Tech firms say schools need more spectrum

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If President Obama really wants to put Wi-Fi in every U.S. classroom, then the government will need to release more unlicensed spectrum for public use — or so says WifiForward, a spectrum lobbying group backed by Google, Microsoft, the cable companies and the Consumer Electronics Association.

WifiForward prepared a paper this week that calls for regulators to open up or lift restrictions on big swathes of the 5 GHz band so it can be used to build bigger, badder gigabit Wi-Fi networks. It also calls for the government to open up more white space spectrum and move forward with its plans to create a shared public-private band at 3.5 GHz, which could be used to link those Wi-Fi networks to the internet proper without using wires or fiber.

Obama is pushing an ambitious plan called ConnectEd to link 99 percent of all U.S. schools with high-speed broadband, and many tech companies like Apple and Microsoft and carriers like AT&T and Verizon have signed on as partners, pledging money, services and equipment to the effort. But WifiForward claims that if the administration wants to ConnectEd right, it needs to think in terms of very fat pipes.

A school of 1,000 students and staff needs at least a 1 Gbps broadband link to ensure every pupil and teacher has access to a 1 Mbps connection, according to a study by the State Educational Technology Directors Association that the paper cited. By 2018, there will be an estimated 56.5 million K-12 students in the U.S., and they will need a combined 56.5 Tbps of bandwidth. Those kind of capacities will require more spectrum than available today, WifiForward claims.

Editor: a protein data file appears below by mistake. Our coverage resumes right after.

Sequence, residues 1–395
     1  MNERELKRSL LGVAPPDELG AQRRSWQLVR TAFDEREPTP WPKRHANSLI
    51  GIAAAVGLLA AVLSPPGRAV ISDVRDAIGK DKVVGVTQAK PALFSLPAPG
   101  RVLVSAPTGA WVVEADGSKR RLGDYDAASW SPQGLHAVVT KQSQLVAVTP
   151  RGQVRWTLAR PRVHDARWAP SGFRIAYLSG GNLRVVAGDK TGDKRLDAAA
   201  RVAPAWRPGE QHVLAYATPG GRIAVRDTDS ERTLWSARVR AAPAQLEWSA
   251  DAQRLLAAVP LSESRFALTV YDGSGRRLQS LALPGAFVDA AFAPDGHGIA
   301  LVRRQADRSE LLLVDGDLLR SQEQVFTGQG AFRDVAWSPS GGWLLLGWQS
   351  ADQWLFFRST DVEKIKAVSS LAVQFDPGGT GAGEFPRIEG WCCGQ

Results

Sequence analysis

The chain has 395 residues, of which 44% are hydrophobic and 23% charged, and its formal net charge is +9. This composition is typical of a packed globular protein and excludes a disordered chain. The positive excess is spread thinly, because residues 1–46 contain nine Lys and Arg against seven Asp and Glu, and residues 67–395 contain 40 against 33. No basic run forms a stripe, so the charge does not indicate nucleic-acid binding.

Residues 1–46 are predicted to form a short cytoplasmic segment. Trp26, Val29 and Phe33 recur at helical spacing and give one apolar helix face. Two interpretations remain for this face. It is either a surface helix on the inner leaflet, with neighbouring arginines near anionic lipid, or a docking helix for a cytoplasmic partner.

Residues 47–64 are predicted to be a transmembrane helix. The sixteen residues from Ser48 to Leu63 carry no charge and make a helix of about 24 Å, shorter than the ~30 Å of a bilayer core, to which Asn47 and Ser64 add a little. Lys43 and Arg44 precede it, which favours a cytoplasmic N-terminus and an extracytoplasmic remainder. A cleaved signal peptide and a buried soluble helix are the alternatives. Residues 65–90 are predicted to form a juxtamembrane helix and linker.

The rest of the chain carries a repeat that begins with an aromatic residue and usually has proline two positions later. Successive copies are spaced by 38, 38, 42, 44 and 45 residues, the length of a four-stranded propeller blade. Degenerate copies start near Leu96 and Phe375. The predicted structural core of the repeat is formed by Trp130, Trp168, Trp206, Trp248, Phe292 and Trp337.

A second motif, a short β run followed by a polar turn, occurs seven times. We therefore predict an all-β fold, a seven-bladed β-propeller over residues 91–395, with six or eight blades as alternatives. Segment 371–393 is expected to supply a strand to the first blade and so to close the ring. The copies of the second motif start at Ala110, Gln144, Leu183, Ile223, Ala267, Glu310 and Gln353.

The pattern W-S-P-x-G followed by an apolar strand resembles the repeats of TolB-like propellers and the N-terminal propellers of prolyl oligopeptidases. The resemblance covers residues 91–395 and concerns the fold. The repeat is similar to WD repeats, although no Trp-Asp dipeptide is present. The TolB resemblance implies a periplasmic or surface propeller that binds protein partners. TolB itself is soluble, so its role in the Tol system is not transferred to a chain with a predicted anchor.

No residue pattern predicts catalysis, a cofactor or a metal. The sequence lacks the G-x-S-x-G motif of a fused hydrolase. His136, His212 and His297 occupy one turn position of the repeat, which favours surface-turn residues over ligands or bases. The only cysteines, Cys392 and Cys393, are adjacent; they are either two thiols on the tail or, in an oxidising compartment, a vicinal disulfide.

Of course, opening up more unlicensed spectrum wouldn’t just benefit schools, since that new capacity would be available to any company, organization or consumer using a Wi-Fi router. Emphasizing schools is a good way to pull on the public’s heartstrings, but WifiForward’s arguments are still valid. Unlicensed airwaves produced a tremendous amount of innovation around the world. Investing in more unlicensed technologies will keep that innovation going.

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